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Movie Review: ‘Masaan’ is Rare Brilliance! 

Masaan is riding high on not just success but also high expectations. The Quint thinks it’s worth 4 out of 5 stars! 

Updated
Entertainment
4 min read
Richa Chadha in a scene from <i>Masaan</i>

Masaan is finally here.  And in case the name rings a bell… well that’s because somewhere between Katrina Kaif’s red carpet sojourn and Sonam Kapoor’s fashion frenzy, it thankfully put the focus back where it should have been all along – on Indian Films doing us proud at the revered Cannes Film Festival. Set in Varanasi, Neeraj Ghaywan’s debut project was awarded the International Federation of Film Critics (FIPRESCI) award.

The film and it’s director also won the ‘Most Promising Newcomer Award’ in the Un Certain Regard section at the festival. Add to this, a 5 min standing ovation along with some rave reviews internationally, and Masaan is riding high on not just success but also high expectations. So is it worth the hype you ask? Most certainly, I say!

Richa Chadha in a scene from <i>Masaan</i>
Richa Chadha in a scene from Masaan

On the banks of Ganga, marinated in the lovely earthy tones of Indian Oceans’s music is Banaras –the place where people go to die. There are shots of funeral pyres burning bright against the dark night sky. Hindu mythology looks upon death as the beginning of another journey that the soul undertakes to cross over. Death is in many ways redemptive, just as crying for the dead is cathartic. And it is this philosophy that lingers on in the landscape of Masaan. It is as much about dying and loss and funeral pyres and ashes, as it is about the living, their hopes, their inner phoenix and its desire to take flight. The film opens with Devi Pathak, and her eager longing gaze, as we follow her through the serpentine ‘Varanasi ki galiyan’, while she joins her boyfriend in a shady hotel room. Tragedy strikes soon after in the form of a police raid. She is doomed to live, to bear the repercussions and resultant blackmails.

On a parallel track we meet Deepak who is smitten by a bright eyed poetry loving Shaalu (Shweta Tripathi). From sending a friend request on Facebook to stolen glances, blushing shy advances to a bold kiss, poetry and the first flush of innocent love – the scenes that showcase the budding romance between these two are the most endearing bits in the movie.

Vicky Kaushal and Shweta Tripathi in a scene from <i>Masaan</i>
Vicky Kaushal and Shweta Tripathi in a scene from Masaan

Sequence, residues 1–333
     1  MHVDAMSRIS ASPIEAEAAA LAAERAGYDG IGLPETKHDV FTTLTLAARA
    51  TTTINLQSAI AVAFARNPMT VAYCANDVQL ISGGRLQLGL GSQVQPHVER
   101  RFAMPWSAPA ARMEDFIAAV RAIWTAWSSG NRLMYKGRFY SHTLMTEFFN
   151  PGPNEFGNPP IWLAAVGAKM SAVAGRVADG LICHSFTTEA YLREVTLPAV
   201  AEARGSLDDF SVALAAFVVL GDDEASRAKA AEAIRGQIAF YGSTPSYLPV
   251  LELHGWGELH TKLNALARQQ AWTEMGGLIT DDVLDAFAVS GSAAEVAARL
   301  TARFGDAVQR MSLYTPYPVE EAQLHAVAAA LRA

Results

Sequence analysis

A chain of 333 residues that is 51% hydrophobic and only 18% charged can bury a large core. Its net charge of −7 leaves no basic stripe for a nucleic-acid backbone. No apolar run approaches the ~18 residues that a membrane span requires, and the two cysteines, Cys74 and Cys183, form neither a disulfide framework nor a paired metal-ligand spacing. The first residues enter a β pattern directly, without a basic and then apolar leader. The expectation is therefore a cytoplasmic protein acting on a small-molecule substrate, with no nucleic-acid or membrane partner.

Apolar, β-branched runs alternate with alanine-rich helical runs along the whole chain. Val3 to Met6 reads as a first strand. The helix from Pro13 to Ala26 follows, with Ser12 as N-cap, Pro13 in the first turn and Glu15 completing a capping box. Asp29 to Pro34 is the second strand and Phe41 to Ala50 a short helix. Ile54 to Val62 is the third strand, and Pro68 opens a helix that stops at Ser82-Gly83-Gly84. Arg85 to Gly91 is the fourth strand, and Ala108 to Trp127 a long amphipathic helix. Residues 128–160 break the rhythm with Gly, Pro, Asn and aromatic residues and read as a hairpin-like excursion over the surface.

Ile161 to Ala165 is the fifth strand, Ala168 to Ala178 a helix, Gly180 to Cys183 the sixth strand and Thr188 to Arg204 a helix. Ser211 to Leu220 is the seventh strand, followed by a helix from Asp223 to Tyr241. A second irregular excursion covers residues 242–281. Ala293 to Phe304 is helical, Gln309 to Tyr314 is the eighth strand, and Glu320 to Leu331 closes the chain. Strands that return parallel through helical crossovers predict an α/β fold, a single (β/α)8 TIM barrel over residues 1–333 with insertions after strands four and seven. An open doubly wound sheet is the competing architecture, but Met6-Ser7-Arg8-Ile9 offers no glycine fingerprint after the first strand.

The brilliance lies in its writing. Neeraj Ghaywan and Varun Grover weave together a scintillating tale, taking in its fold myriad issues – caste politics, corruption, women and their shackles nicely camouflaged in hypocritical morality. But in its own clever way the narrative forges ahead, charting a new course as it breaks every set norm; un settles the status quo and creates ripples in still waters. The pre-occupation with death is constant but instead of being morbid it’s meditative.

Stuck in a rut, mourning her loss, belittled by society but defiant in her outlook - Richa Chadha brilliantly captures the soul of Devi. She is stoic in her grief, vulnerable in her loneliness, resilient enough to help her father clear his debt and unapologetic in her choices. Vicky Kaushal as Deepak is charming. Negotiating his big dreams with his reality of a lower class Dom community pyre burner, Kaushal endears himself to us. But it’s Sanjay Mishra, who as Devi’s forlorn father steals the show. It’s a delight to see him effortlessly portray the dilemma of his character – his tearing love for his only daughter and fear of society. While most of the dialogues are in Hindi, a special Kashika dialect that is spoken by people living near the ghat, has also been interwoven to render realism to the story. The overall effect is scintillating, much of which is also thanks to the brilliant cinematography of Avinash Arun Dhaware.

Vicky Kaushal in a scene from <i>Masaan</i>
Vicky Kaushal in a scene from Masaan

In Hindi the word Masaan literally means ‘a crematorium’. Symbolically it suggests that the past must be left behind to undertake the journey into the future. This spirit and the accompanying hope also reflects in the English title of the film ‘Fly Away Solo’. It’s one of those rare films that hasn’t traded its soul to gain entry into one of the many hundred Crore clubs. A film therefore we must see and support with all our heart. I’ll go with 4 OUT OF 5.

(At The Quint, we are answerable only to our audience. Play an active role in shaping our journalism by becoming a member. Because the truth is worth it.)

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